Saturday, May 5, 2012

The Flight of Gemma Hardy by Margot Livesey [Review]

3 out of 5 Robots!
  

The Flight of Gemma Hardy
By Margot Livesey
Genre: Young Adult Fiction
Release: January 24, 2012
Hardcover: 447 Pages
Publisher: HarperCollins
My Copy: Purchased
Reviewer: Shannon
Buy the Book: Amazon

Book Summary:
Acclaimed, award-winning author Margot Livesey delivers her breakout novel: a captivating tale, set in Scotland in the early 1960s, that is both a homage and a modern variation on the enduring classic, Jane Eyre.

Fate has not been kind to Gemma Hardy. Orphaned by the age of ten, neglected by a bitter and cruel aunt, sent to a boarding school where she is both servant and student, young Gemma seems destined for a life of hardship and loneliness. Yet her bright spirit burns strong. Fiercely intelligent, singularly determined, Gemma overcomes each challenge and setback, growing stronger and more certain of her path. Now an independent young woman with dreams of the future, she accepts a position as an au pair on the remote and beautiful Orkney Islands.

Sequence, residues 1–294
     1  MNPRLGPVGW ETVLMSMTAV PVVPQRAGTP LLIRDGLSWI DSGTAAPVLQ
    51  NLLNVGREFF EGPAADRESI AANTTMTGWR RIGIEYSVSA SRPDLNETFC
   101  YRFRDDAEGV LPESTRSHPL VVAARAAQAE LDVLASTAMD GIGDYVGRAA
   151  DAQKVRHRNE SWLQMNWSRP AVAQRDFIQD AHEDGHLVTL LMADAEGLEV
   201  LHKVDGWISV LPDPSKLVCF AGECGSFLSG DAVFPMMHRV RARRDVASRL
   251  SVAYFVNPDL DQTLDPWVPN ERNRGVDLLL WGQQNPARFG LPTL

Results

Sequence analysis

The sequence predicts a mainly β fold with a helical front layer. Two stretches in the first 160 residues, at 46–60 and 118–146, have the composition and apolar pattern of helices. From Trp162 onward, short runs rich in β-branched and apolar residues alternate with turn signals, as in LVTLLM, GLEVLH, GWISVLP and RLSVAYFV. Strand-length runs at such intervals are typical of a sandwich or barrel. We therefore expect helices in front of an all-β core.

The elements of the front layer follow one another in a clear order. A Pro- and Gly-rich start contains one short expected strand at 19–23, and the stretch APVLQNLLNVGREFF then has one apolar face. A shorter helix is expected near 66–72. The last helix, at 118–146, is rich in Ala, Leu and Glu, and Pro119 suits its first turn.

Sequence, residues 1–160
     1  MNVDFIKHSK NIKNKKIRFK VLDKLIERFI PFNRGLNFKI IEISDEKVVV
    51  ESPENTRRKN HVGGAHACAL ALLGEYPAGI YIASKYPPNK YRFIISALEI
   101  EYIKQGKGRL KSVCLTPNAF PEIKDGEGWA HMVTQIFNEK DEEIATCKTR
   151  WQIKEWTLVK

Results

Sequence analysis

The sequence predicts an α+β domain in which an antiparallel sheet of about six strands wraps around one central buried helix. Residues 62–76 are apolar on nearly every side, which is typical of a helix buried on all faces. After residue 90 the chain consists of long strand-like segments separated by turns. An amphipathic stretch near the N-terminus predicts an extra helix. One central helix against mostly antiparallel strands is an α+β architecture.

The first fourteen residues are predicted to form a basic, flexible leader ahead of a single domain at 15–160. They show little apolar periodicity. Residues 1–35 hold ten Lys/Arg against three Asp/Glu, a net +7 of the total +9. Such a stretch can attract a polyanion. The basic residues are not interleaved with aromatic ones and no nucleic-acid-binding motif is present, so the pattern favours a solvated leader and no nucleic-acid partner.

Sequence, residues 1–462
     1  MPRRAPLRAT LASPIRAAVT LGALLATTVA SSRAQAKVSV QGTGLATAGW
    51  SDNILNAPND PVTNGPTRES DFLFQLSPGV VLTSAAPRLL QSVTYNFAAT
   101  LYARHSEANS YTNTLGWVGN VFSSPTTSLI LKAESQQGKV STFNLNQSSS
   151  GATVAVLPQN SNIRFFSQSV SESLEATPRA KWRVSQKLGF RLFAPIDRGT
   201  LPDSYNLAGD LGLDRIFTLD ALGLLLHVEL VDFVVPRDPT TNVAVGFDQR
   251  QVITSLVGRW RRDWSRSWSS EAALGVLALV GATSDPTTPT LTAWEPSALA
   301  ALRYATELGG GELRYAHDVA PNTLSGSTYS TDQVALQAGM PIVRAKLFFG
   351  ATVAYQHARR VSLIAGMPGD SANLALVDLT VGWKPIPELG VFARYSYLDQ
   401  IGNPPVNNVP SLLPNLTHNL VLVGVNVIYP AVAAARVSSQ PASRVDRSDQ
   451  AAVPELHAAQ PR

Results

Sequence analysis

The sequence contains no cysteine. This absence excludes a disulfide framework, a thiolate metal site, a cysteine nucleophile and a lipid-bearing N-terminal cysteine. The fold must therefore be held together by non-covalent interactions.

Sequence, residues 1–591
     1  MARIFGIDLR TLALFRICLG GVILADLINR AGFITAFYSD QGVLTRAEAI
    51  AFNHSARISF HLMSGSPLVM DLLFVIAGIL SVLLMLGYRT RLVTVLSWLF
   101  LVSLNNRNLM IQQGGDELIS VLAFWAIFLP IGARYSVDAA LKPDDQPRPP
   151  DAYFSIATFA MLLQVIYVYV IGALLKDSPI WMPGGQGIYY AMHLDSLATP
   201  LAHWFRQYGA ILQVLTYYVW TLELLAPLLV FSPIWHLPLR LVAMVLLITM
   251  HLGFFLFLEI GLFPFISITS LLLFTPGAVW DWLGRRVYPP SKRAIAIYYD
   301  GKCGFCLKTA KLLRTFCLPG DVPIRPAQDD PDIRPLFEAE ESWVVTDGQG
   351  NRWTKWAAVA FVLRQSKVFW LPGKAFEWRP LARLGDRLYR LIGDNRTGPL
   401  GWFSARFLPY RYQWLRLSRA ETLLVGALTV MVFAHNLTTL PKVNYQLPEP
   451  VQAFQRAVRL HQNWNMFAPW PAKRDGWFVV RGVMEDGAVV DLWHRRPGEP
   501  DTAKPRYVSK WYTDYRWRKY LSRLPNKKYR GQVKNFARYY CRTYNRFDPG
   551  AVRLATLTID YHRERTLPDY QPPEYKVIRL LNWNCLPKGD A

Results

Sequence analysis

But Gemma's biggest trial is about to begin . . . a journey of passion and betrayal, secrets and lies, redemption and discovery that will lead her to a life she's never dreamed.


Shannon's Thoughts:
I haven't read Jane Eyre in a long time, so I can't speak to how good of an homage/re-imagining The Flight of Gemma Hardy. I do know that some major plot points were changed, probably to soften the story for a YA audience.  Perhaps if I knew my Jane Eyre better, I would have caught all the references and been entertained by that.

As it was, this book just falls a little flat for me.  I wasn't very engaged.  I really only perked up when Gemma was living in the Orkney Islands, but lost interest again when she left.  I attribute this mostly to not being able to connect to the characters.  Even though this story is told in first person, I didn't feel like I ever got to know Gemma.  I couldn't understand her decisions or her thought process.  I found her a little hypocritical and immature.  I also feel the story is overly long.  It seems to go on and on in some places.  I kept waiting for some kind of climax or progression and it never really got there.

I don't think The Flight of Gemma Hardy is badly written, per se.  I just think it isn't my type of book.  Maybe if I knew Jane Eyre better I could have a deeper understanding of what the author is trying to accomplish.  So, if this book sounds interesting, you should give it a try.  I just wasn't captivated by it.

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